In marketing parlance, it means: sophisticated marketing plans undermined by an ill-advised comment from an associate. The perfect retail design butchered in the field. Product failures. Lousy service. Et cetera.

There is a corporate vision and then there is street reality. This gap is what we call the Steinbeck Factor. It has frustrated the corporate world for years. So, how do you fix it?

Cult Marketing has a process we call Cultification, defined as: The process by which a brand is optimized at all touchpoints in order to create customer fanatics.
The first phase of the cultification process solves a major piece of The Steinbeck Factor – understanding what really goes on at the consumer level. Cult has created a propriety method of assessing, measuring and evaluating the critical factors that undermine and weaken your brand. You can’t fix something if you don’t know it’s broken. These insights are then converted into actionable strategies, tactics and ideas for all the touchpoints that impact the consumer.

Give us a buzz and we’ll give you details on how we do it. 614-318-8012.

I suggested that Ford was toast in a blog from 2006. Now add Apple to the list. One of the great cult brands in history is turning it’s back on its core (excuse the pun) customers and pulling out of Macworld next year. Steve Jobs is not giving the keynote address. Philip Schiller, Apple’s senior vice president of Worldwide Product Marketing is. Wow, can you feel the excitement?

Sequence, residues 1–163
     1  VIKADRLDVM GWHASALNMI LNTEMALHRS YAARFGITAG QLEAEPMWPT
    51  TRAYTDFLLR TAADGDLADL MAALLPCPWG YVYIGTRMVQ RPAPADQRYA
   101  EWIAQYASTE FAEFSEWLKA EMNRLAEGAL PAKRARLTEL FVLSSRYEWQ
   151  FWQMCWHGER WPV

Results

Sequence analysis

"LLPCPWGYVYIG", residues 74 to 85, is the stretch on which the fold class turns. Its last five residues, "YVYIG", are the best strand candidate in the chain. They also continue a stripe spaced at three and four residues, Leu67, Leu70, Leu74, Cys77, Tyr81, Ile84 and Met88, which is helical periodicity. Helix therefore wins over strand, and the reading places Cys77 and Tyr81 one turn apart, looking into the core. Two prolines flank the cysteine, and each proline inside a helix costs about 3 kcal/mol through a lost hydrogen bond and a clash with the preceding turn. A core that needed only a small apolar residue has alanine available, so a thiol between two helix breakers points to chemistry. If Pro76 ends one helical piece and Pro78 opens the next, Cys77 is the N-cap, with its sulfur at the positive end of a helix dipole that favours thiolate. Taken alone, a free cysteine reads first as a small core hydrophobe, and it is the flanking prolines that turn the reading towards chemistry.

Imagine if Harley pulls out of Sturgis because it is not cost efficient.

Brands are all about connecting emotionally. No one connected more emotionally than Apple fanatics that stayed with the company when no one cared. These are the people that go to Macworld. I believe this marks a sad day in Apple’s history.

The debate between edgy and inappropriate creative has been hotly disputed over the years. Is any PR good PR? Does awareness of any kind justify the means?

It’s well known that most of the corporate world has suppressed the edgy type of creative that agencies love. It’s pretty rare that a client says “more cowbell.” A ton of bold and brilliant concepts that have landed on the cutting room floor.

We suggest that the time has come to change the way companies (or weak agencies) think about creative for a number of compelling reasons.

Reason #1: Without awareness, you just wasted your media dollars.
While this is pretty obvious, it is not often embraced. Companies are often content with bigger media budgets and lousy or lukewarm creative. It’s like the old joke “The food is terrible here. Yes, and the portions are so small.” For some reason more bad stuff has been acceptable.

Reason #2: The fragmentation of the media mix
We all know that consumers are zapping TV spots, self-editing with DVR/TiVo technology, listening to commercial free Sirius/XM radio and spending more time in the digital space. Creative needs to be targeted and emotionally engaging enough for people to want to watch it.